The United Nations Special Rapporteur on Toxins and Human Rights Marcos Orellana announced on Wednesday that Bolivia has become the center of the illegal mercury trade in the region and that this situation is dangerous given the severity of the trade and indiscriminate use of this element in international forums is made visible, as well as compliance with the Minamata Convention by the state.
“The fact that Bolivia has become the illegal mercury center, resulting in illegal mining in other countries in the region including Peru, Brazil, Colombia and others, and we express our concern about the lack of effective measures against mercury to address it in the face of these effects and also the lack of implementation of the Minamata Convention on mercury ”, said the rapporteur via Zoom from Italy.
The United Nations toxins and human rights expert said there is multiple evidence of illicit mercury trafficking that could spark a response from neighboring countries that could begin closing their borders on the illicit mercury trade, and stricter controls on the Passenger traffic and international trade from Bolivia.
“This problem is known from testimonies in law enforcement or environmental crimes in Peru, also from monitoring by the United Nations Environment Program,” Orellana said during the workshop: “Impact on human rights of mercury from gold mining in Bolivia” organized by the Bolivian Documentation and Information Center (Cedib) and Climate Reaction.
The representative, who had the opportunity to answer journalists’ questions about the emissions concentrated in a central hotel in La Paz, is reflected in the fact that “the countries of the region and the rest of the world are starting to look at this country with different eyes” because it thwarts global challenges.
“So if a country acts in a way that thwarts the goals of the international community, it becomes a situation that could affect international cooperation (…). I also see a question of access to international funds, international resources for the implementation of environmental programs, which generally go to countries that express goodwill and demonstrate compliance with the commitments made in international agreements, “he said.
What the Minamata Convention strives for, Orellana stressed, is that countries are able to meet global environmental and human rights challenges, particularly those of high-risk populations, as is the case with indigenous peoples Are affected by mercury emissions from the food you eat.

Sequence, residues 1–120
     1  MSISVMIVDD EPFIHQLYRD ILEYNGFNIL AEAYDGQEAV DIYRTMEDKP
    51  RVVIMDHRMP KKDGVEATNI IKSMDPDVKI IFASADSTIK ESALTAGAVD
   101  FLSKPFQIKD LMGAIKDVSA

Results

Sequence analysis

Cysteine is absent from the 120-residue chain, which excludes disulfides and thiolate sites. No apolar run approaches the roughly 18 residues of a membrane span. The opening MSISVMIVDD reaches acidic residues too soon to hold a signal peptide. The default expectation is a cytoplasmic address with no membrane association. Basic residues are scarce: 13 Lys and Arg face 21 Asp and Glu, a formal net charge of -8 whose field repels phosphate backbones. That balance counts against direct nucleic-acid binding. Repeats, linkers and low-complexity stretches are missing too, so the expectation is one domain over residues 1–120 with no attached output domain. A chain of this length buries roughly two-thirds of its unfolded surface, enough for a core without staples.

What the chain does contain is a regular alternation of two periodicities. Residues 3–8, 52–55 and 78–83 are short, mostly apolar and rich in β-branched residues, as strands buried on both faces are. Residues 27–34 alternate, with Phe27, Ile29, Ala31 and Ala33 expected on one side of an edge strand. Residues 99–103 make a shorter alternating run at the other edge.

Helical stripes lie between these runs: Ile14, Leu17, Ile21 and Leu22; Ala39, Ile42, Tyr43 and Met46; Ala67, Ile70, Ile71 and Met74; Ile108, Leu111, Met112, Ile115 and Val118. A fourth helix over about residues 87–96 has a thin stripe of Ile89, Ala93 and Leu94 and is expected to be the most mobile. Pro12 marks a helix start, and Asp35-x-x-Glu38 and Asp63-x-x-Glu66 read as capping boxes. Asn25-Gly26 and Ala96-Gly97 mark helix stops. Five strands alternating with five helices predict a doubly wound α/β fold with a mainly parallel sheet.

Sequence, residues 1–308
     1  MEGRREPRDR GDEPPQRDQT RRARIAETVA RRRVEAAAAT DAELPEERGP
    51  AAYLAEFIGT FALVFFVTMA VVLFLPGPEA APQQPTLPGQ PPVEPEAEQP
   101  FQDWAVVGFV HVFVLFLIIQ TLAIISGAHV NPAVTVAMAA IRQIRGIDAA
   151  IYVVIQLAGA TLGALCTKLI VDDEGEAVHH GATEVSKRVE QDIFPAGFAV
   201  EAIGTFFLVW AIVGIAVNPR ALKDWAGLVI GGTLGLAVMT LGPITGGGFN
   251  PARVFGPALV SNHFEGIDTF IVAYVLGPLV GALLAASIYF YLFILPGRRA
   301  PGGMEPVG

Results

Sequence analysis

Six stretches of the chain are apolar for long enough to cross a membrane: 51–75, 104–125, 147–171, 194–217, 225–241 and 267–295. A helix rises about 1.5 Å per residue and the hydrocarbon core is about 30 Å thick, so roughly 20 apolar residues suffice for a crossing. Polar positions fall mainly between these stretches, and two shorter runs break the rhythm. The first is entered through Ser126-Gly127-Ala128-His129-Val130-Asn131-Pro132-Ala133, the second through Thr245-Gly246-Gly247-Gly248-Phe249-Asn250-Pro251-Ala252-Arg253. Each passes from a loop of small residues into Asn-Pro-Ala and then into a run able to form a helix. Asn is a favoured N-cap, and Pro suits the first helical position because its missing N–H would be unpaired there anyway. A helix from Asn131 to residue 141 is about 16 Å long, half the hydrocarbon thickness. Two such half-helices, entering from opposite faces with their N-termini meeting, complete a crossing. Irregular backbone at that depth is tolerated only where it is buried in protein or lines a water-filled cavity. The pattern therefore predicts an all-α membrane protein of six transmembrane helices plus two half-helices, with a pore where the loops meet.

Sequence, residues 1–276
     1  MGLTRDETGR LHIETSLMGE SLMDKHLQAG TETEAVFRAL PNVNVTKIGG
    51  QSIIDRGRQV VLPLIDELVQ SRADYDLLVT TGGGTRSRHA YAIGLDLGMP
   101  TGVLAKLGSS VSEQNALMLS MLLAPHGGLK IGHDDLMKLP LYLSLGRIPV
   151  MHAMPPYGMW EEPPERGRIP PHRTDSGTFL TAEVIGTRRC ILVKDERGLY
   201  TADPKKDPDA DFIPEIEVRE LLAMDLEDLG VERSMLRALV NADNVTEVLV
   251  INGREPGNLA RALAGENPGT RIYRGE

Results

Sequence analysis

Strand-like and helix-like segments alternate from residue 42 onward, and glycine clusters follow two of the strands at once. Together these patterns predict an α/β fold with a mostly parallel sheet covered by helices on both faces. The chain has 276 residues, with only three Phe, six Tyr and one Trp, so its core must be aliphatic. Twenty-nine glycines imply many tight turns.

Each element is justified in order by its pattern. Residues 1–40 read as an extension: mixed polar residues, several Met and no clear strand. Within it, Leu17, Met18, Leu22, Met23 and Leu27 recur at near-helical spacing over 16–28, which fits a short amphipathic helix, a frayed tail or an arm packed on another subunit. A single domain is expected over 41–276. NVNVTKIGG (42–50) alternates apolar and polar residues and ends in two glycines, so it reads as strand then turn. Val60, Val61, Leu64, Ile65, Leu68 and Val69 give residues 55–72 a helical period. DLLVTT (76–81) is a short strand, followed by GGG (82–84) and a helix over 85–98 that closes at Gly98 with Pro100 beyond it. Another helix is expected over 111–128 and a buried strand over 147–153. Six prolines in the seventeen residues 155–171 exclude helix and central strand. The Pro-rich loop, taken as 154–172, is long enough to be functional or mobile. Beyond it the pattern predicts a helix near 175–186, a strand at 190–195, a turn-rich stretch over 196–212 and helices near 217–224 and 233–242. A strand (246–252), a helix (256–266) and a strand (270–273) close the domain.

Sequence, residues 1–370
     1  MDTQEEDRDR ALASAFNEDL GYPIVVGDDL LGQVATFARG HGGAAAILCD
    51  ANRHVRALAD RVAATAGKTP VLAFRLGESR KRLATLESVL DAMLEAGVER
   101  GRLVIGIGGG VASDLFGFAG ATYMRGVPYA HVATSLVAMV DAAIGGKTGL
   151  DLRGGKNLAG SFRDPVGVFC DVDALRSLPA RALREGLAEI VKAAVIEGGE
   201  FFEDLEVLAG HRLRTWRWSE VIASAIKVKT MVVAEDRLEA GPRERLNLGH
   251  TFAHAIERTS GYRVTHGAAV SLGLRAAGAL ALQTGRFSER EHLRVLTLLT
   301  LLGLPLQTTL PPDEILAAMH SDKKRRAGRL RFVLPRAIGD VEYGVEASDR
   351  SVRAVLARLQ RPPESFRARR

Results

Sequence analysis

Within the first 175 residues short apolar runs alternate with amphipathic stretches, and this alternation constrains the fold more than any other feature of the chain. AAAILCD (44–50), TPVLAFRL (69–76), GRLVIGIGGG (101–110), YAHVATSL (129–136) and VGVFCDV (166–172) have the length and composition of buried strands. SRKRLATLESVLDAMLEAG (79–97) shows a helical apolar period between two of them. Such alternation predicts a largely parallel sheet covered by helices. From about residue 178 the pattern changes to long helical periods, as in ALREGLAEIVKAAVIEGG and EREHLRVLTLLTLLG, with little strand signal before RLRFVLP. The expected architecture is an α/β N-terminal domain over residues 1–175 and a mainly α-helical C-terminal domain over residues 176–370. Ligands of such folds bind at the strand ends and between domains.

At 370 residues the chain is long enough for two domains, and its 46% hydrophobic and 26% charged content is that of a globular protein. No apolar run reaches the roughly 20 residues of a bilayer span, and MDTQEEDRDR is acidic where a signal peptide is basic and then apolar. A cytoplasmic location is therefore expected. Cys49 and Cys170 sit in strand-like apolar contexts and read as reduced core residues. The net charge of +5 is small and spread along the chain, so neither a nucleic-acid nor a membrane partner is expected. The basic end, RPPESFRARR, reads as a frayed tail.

In the letter of allegation addressed to the Bolivian state, both Orellana and the UN Rapporteur on Indigenous Peoples’ Rights, José Francisco Cali Tzay, expressed their “deep concern about the excessive increase in the importation and use of mercury in Bolivia, with its serious consequences for the people The environment, human health, the disproportionate effects of pollution on indigenous territory, and the life and health of indigenous peoples ”.
However, he regretted that more than 60 days after the allegations were posted, the Bolivian state had not responded or created a National Action Plan on Mercury, so the following steps will be activated to activate a mechanism that enables more effective dialogue.
Orellana could not hide his surprise that Bolivia responded in 2019 that gold mining on its territory is “more than insignificant”. “These countries are obliged to certify this fact and implement a national action plan,” he said.
Greater spread of the Bolivian case
The Special Rapporteur expected greater dissemination and visibility of the Bolivian case, both in the context of the Universal Periodic Review (UPR) carried out by the Human Rights Council to monitor implementation levels and progress in realizing human rights, and in other international fora.
“We can anticipate the visibility of this topic in international environmental forums, be it in the Conference of the Parties to the Minamata Convention or in other environmental forums. In all of these areas we will begin to visualize and see what response Bolivia sees to the serious problem it is facing with the increase in the use and trade of mercury, ”he said.
The workshop was also attended by the Executive Director of Cedib, Óscar Campanini, the representative of Climate Reaction, Raúl Dorado, the representative of the High Commissioner in Bolivia, Claudia Sierra and the spokeswoman for the National Coordinator for the Defense of Indigenous Peasant Areas and Protected Areas (Contiocap), Álex Vilca.
According to Cedib, Bolivia’s import of mercury rose to an annual average of 192 tons between 2015 and 2020, according to official figures.